Peter, junior, had a sweetheart, one Susie Duffy, who lived some miles on the other side of the Murrumbidgee. He was in the habit of courting her every Sunday and two or three nights during the week, and I often heard the clang of his stirrup-irons and the clink of hobble-chain when he returned late; but on one occasion I stayed out later than usual, and he passed me going home. I stood still and he did not see me, but his horse shied violently. I thought he would imagine I was a ghost, so called out:
“It is I.”
“Well, I’ll be hanged! What are ye doin’ at this time ev night. Ain’t yuz afraid of ghosts?”
“Oh dear no. I had a bad headache and couldn’t sleep, so came out to try if a walk would cure it,” I explained.
We were a quarter of a mile or so from the house, so Peter slackened his speed that I might keep pace with him. His knowledge of ‘etiquette did not extend as far as dismounting. There is a great difference between rudeness and ignorance. Peter was not rude; he was merely ignorant. For the same reason he let his mother feed the pigs, clean his boots, and chop wood, while he sat down and smoked and spat. It was not that he was unmanly, as that this was the only manliness he had known.
I was alone in the schoolroom next afternoon when Mr M’Swat sidled in, and after stuttering and hawing a little, delivered himself of:
“I want to tell ye that I don’t hold with a gu-r-r-r-l going out of nights for to meet young men: if ye want to do any coortin’ yuz can do it inside, if it’s a decent young man. I have no objections to yer hangin’ yer cap up to our Peter, only that ye have no prawperty — in yerself I like ye well enough, but we have other views for Peter. He’s almost as good as made it sure with Susie Duffy, an’ as ole Duffy will have a bit ev prawperty I want him to git her, an’ wouldn’t like ye to spoil the fun.”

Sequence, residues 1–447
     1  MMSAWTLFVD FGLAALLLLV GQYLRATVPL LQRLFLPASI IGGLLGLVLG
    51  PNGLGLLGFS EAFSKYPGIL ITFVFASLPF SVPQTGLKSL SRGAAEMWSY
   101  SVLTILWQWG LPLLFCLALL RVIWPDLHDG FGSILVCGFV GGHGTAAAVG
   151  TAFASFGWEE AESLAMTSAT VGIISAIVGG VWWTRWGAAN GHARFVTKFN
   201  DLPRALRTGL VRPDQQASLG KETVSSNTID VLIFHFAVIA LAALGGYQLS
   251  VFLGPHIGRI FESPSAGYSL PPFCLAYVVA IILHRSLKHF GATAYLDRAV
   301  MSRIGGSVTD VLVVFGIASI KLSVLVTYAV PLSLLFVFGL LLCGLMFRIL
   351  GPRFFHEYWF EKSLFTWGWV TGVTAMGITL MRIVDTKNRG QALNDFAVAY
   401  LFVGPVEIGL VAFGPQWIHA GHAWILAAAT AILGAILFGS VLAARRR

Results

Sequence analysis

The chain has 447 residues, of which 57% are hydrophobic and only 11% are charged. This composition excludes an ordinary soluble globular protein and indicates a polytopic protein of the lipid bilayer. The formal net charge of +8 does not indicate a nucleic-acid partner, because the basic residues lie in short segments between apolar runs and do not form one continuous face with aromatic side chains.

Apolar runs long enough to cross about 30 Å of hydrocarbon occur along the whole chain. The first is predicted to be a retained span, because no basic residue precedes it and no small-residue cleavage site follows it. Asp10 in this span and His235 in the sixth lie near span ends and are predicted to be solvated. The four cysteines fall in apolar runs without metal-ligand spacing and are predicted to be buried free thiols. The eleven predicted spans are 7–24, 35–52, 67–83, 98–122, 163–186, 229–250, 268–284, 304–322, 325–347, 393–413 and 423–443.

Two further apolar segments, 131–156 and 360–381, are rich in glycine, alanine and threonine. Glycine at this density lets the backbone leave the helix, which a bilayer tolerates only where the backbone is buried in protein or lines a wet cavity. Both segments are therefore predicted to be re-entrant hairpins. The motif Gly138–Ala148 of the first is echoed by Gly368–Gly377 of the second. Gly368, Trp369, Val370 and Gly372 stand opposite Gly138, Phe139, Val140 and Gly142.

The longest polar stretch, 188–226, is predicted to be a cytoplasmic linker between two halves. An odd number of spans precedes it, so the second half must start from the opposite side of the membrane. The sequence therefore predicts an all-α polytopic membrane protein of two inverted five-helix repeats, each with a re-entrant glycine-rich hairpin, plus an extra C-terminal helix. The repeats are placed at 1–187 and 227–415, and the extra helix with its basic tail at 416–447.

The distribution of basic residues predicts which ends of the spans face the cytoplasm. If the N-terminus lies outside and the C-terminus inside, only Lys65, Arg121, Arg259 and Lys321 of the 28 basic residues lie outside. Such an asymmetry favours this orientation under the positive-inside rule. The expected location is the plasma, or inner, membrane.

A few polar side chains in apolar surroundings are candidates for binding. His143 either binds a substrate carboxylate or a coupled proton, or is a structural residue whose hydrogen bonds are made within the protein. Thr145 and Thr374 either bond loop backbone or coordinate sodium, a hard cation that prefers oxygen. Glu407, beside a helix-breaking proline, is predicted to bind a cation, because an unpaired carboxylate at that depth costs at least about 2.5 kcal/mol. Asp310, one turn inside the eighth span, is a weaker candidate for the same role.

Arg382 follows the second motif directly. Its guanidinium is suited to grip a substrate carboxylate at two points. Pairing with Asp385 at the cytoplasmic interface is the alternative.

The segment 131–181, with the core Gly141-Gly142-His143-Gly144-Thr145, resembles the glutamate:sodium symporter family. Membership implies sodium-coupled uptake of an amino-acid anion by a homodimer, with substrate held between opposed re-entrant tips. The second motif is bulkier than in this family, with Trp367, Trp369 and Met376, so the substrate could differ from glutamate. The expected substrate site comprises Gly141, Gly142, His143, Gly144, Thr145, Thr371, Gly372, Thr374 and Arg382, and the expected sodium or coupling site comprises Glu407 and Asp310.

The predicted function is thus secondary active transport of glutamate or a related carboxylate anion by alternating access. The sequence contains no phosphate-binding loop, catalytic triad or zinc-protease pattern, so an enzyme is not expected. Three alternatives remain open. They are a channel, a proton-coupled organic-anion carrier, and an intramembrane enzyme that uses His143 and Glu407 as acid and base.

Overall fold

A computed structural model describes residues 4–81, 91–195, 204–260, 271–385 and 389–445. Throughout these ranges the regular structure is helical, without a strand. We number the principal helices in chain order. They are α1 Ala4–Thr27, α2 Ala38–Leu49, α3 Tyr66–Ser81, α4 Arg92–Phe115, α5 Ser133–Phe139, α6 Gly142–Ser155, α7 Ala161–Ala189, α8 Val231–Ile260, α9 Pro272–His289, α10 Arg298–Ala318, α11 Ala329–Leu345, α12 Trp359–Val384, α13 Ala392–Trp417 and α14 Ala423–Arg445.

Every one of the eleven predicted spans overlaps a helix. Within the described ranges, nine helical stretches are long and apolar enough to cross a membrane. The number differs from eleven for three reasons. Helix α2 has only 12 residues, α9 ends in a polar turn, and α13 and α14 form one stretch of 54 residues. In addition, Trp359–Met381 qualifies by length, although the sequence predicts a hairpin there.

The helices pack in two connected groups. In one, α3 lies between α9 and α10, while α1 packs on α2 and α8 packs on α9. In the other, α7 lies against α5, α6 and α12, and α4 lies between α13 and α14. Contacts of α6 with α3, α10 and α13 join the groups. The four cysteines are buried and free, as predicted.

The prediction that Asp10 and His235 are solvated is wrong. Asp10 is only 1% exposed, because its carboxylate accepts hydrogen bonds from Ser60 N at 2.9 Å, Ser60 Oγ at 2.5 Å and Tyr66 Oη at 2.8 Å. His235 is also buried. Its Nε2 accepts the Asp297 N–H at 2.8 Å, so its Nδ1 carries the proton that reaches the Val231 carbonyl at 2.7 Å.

Peter was “tall and freckled and sandy, face of a country lout”, and, like Middleton’s rouse-about, “hadn’t any opinions, hadn’t any ideas”, but possessed sufficient instinct and common bushcraft with which, by hard slogging, to amass money. He was developing a moustache, and had a “gu-r-r-r-l”; he wore tight trousers and long spurs; he walked with a sidling swagger that was a cross between shyness and flashness, and took as much pride in his necktie as any man; he had a kind heart, honest principles, and would not hurt a fly; he worked away from morning till night, and contentedly did his duty like a bullock in the sphere in which God had placed him; he never had a bath while I knew him, and was a man according to his lights. He knew there was such a thing as the outside world, as I know there is such a thing as algebra; but it troubled him no more than algebra troubles me.